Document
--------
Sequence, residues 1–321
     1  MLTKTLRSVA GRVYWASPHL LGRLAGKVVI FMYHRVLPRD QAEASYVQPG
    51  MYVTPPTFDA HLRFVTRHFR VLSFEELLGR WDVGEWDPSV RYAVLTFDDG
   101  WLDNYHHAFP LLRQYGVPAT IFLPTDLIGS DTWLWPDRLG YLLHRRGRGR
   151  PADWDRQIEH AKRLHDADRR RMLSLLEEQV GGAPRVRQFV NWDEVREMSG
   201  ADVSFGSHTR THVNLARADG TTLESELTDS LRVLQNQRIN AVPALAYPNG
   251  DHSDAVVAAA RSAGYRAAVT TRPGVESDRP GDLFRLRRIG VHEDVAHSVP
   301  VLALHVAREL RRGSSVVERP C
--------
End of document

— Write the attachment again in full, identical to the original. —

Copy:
Sequence, residues 1–321
     1  MLTKTLRSVA GRVYWASPHL LGRLAGKVVI FMYHRVLPRD QAEASYVQPG
    51  MYVTPPTFDA HLRFVTRHFR VLSFEELLGR WDVGEWDPSV RYAVLTFDDG
   101  WLDNYHHAFP LLRQYGVPAT IFLPTDLIGS DTWLWPDRLG YLLHRRGRGR
   151  PADWDRQIEH AKRLHDADRR RMLSLLEEQV GGAPRVRQFV NWDEVREMSG
   201  ADVSFGSHTR THVNLARADG TTLESELTDS LRVLQNQRIN AVPALAYPNG
   251  DHSDAVVAAA RSAGYRAAVT TRPGVESDRP GDLFRLRRIG VHEDVAHSVP
   301  VLALHVAREL RRGSSVVERP C